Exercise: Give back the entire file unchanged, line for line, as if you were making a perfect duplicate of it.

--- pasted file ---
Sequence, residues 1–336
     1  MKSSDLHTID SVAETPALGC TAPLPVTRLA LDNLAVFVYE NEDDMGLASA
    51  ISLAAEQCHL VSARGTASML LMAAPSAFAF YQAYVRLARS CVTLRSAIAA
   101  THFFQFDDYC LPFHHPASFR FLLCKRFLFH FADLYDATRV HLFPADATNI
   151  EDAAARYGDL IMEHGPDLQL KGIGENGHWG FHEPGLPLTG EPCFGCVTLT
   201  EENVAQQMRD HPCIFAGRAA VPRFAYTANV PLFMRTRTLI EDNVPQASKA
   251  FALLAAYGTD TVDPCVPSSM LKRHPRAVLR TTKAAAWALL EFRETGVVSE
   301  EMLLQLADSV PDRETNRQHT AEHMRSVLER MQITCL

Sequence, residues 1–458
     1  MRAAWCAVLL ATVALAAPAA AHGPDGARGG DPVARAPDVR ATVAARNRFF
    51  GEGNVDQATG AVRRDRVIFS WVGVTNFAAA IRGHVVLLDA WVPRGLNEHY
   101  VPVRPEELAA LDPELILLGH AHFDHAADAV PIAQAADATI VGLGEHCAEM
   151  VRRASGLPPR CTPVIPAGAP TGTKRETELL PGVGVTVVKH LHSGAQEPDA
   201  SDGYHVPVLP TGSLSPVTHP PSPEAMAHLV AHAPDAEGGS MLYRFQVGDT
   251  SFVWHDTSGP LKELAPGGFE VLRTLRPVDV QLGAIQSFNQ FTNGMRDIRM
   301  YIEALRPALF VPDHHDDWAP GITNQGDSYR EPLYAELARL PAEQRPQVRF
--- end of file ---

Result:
Sequence, residues 1–336
     1  MKSSDLHTID SVAETPALGC TAPLPVTRLA LDNLAVFVYE NEDDMGLASA
    51  ISLAAEQCHL VSARGTASML LMAAPSAFAF YQAYVRLARS CVTLRSAIAA
   101  THFFQFDDYC LPFHHPASFR FLLCKRFLFH FADLYDATRV HLFPADATNI
   151  EDAAARYGDL IMEHGPDLQL KGIGENGHWG FHEPGLPLTG EPCFGCVTLT
   201  EENVAQQMRD HPCIFAGRAA VPRFAYTANV PLFMRTRTLI EDNVPQASKA
   251  FALLAAYGTD TVDPCVPSSM LKRHPRAVLR TTKAAAWALL EFRETGVVSE
   301  EMLLQLADSV PDRETNRQHT AEHMRSVLER MQITCL

Sequence, residues 1–458
     1  MRAAWCAVLL ATVALAAPAA AHGPDGARGG DPVARAPDVR ATVAARNRFF
    51  GEGNVDQATG AVRRDRVIFS WVGVTNFAAA IRGHVVLLDA WVPRGLNEHY
   101  VPVRPEELAA LDPELILLGH AHFDHAADAV PIAQAADATI VGLGEHCAEM
   151  VRRASGLPPR CTPVIPAGAP TGTKRETELL PGVGVTVVKH LHSGAQEPDA
   201  SDGYHVPVLP TGSLSPVTHP PSPEAMAHLV AHAPDAEGGS MLYRFQVGDT
   251  SFVWHDTSGP LKELAPGGFE VLRTLRPVDV QLGAIQSFNQ FTNGMRDIRM
   301  YIEALRPALF VPDHHDDWAP GITNQGDSYR EPLYAELARL PAEQRPQVRF